Photo by Anna Schroeder on Unsplash
First of all, the focal length in photography has to do with the lens on your camera. What is focal length? It’s the optical property of a particular lens. The focal length is the distance between the very center of the lens and the sensor of the camera. This measurement is done in millimeters.
But that might still be a little confusing. If you’ve ever shopped around for camera lenses, you know they all have varying focal lenses. For example, a lens with a 50mm focal length. All this means is that there are 50 millimeters between the optical center of the lens and the camera sensor when the camera is focused to infinity. This may sound like a big number, but it’s really not.
When we say the optical center of the lens, you need to understand a bit about how camera lenses are made. Your lens is not a single piece of glass. It’s a combination of different lens elements that combine to focus light and minimize distortion. The exact point where all these rays of light meet to form a perfect image is at the optical center of the lens.
It’s also important to understand that focal length has nothing to do with your camera. This is only a term used to describe a lens. It doesn’t matter if you have a full-frame DSLR, a digital camera, or anything else. The focal length only talks about the lens.
How Different Focal Lengths Work
Every type of lens has a different focal length. This is because the focal length is an indication of the angle of view. In other words, the focal length determines just how much of a scene is going to be captured by your camera sensor.
Think of it like magnification. If you have an extremely long focal length, the angle of view is going to be narrower with a higher magnification. If the focal length is shorter, the angle will be wider with a lower magnification to give you a larger area that will be captured by your camera.
To make it perfectly clear, let’s set up an example. Say you’re on the edge of a cliff and you see someone standing on the other side of the valley. They’re waving at you but are so far away that you can’t really see them. If you have a camera with a 25mm focal length and you take a picture, you’ll see pretty much what your eyes can. You’ll have a blurry picture in the frame and a beautiful view of your surroundings.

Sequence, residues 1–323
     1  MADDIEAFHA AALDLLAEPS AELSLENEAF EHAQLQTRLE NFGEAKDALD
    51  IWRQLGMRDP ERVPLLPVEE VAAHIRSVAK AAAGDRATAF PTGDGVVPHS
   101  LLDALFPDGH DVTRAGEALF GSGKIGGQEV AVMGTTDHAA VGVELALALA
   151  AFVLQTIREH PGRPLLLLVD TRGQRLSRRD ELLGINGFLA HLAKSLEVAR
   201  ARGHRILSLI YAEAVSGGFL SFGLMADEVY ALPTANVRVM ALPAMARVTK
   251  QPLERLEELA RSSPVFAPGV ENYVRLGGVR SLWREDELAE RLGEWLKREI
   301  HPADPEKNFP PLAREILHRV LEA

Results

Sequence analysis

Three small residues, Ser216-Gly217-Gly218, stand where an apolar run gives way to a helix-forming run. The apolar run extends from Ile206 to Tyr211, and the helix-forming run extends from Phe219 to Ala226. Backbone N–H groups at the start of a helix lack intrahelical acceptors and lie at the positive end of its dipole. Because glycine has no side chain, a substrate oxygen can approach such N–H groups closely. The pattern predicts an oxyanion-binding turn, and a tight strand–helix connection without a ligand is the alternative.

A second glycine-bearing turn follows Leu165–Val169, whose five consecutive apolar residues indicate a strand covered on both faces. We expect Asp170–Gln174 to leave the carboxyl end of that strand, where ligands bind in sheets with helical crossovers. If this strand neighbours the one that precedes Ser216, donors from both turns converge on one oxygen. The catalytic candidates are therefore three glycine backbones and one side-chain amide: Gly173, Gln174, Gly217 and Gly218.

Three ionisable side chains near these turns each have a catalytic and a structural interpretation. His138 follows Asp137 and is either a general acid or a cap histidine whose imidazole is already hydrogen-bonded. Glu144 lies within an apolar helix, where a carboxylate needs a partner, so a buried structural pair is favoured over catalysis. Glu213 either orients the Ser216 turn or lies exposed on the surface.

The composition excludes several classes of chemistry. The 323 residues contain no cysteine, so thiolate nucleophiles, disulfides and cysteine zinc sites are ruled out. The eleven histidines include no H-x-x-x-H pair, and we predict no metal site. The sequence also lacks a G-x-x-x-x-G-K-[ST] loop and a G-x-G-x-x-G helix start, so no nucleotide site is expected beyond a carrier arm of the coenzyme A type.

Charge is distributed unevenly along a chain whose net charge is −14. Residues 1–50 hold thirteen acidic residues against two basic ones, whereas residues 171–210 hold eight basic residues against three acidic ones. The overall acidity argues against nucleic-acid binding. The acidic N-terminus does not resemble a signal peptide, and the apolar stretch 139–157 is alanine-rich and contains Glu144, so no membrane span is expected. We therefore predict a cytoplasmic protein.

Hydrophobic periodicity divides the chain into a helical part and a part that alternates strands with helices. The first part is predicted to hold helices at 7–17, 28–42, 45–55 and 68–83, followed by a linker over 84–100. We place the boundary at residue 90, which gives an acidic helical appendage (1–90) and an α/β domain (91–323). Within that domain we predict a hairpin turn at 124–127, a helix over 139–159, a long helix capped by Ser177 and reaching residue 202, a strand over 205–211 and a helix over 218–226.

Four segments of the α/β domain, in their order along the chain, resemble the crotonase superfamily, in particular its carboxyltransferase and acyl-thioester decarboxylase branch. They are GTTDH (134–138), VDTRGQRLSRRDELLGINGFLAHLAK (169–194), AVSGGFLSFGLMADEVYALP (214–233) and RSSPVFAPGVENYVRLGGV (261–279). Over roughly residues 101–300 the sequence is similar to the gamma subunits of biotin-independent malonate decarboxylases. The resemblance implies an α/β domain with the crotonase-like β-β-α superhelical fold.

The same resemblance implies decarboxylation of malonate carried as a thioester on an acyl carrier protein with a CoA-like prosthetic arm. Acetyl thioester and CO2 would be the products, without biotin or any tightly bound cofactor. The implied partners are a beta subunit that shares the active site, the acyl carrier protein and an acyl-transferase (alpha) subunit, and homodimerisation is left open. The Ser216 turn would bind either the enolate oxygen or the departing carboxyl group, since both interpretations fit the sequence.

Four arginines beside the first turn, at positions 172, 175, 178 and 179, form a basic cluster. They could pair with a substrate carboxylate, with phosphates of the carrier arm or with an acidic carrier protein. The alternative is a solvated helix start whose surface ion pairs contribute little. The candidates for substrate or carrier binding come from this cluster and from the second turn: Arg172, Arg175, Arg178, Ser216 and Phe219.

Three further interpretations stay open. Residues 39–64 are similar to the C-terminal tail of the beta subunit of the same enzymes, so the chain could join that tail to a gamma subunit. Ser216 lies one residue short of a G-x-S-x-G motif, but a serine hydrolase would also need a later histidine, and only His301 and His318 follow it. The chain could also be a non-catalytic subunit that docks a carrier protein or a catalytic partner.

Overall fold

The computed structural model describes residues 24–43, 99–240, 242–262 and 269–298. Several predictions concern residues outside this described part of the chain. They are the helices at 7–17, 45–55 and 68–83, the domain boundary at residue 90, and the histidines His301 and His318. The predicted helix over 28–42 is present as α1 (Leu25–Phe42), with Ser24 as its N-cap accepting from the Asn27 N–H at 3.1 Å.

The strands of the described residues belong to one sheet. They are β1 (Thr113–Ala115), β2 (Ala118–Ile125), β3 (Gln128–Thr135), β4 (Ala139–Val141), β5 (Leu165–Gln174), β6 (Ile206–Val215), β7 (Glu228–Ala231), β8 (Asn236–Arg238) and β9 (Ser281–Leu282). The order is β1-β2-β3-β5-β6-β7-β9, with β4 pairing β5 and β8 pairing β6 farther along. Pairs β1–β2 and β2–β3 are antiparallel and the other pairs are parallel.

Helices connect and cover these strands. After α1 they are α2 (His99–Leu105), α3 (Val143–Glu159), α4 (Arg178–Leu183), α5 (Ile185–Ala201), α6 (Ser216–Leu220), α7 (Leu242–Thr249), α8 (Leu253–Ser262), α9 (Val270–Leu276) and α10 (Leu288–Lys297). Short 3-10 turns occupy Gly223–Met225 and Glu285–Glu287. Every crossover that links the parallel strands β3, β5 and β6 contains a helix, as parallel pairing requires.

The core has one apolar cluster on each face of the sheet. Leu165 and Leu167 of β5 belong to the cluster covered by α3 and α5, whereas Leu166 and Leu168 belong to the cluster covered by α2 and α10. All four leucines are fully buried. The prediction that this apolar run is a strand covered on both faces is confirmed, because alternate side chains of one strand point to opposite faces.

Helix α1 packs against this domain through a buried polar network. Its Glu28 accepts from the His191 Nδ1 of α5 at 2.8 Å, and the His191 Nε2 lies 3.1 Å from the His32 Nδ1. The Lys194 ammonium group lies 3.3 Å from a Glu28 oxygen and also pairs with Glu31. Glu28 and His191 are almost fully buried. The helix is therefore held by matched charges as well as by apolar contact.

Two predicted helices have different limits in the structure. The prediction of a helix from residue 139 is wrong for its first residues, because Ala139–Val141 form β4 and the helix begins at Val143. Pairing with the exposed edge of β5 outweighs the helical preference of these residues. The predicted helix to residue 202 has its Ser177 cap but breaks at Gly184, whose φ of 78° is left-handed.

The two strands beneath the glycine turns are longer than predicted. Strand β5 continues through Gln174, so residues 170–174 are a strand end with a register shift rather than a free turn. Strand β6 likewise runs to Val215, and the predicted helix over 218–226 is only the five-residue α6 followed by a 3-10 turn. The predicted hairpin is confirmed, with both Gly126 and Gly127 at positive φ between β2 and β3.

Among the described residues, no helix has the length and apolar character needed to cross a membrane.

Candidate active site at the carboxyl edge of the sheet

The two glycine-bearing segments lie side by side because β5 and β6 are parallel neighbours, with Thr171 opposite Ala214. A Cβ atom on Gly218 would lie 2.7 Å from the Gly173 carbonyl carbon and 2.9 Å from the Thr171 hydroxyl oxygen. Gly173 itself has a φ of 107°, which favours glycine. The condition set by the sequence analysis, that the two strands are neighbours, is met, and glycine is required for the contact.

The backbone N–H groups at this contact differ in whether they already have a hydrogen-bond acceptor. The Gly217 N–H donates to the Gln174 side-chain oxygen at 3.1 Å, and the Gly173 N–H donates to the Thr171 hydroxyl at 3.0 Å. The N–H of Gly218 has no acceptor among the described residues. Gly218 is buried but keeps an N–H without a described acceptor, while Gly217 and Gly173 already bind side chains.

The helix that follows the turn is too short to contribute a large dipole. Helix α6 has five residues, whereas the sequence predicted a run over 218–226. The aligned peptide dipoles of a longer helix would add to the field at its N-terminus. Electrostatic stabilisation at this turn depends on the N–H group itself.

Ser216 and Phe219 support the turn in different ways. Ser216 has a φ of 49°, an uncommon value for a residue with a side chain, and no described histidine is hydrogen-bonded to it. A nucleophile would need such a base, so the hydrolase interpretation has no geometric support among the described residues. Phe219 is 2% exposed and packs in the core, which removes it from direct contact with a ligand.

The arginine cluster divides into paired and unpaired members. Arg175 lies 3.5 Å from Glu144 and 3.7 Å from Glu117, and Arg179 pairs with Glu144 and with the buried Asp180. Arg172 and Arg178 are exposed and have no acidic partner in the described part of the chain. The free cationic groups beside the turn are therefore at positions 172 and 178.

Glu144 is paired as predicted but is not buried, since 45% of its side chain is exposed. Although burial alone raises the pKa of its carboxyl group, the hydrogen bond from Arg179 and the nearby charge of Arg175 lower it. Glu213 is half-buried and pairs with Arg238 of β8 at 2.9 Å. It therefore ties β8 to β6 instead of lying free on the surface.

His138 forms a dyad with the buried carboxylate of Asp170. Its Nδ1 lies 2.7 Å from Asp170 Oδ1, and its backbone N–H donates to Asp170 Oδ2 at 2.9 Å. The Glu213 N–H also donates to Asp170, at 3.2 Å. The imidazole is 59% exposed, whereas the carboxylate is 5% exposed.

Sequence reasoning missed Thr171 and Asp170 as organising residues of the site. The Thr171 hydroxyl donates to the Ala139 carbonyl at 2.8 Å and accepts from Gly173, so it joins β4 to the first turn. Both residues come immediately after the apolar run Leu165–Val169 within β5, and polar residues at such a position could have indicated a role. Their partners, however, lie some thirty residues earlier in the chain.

Change the lens to something with a focal length of 200mm and take a picture, you’ll clearly see the person smiling, all the details of their face, and maybe a bit of the background blurred past their head. However, the focal length is too high and so it’s like looking through a paper towel tube. The person is clear but the landscape is gone.
If you want to capture a picture of the person in clear detail and some of the landscape around them, drop down to a focal length of between 85 and 100. Now you’ll see the person clearer than you can with your eyes and a bit of the background. You won’t get the whole scene, but you’ll have an awesome picture of the stranger.
This is just an example, but it properly details how focal length works. To get a better idea of the focal lengths offered by the different lens types, keep reading.
Prime Lens Focal Length
A prime lens offers a fixed focal length. Prime lenses are usually moderate in size and weight, easier to store, and equipped with a maximum aperture of between f/1.4 and f/2.8. A prime lens has only one focal length and it can’t be changed, usually 50mm. This is perfect for a wide variety of photography and is recommended for beginners.
Zoom Lens Focal Length
A zoom lens offers variable focal lengths. This is the whole point of a zoom lens, that the lens can move to change the focal length. These types of lenses are ideal for people who photograph a wide variety of different things, from portraits to landscapes. If you want one lens for all situations, a zoom lens is best.
The only issue with zoom lenses is that they tend to be heavy and bulky. But they’re great because by simply changing the focal length, it’s like you’re changing the lens itself. Zoom lenses come in all different formats. You can see the minimum and maximum focal lengths in the lens description. For example, 70mm to 85mm.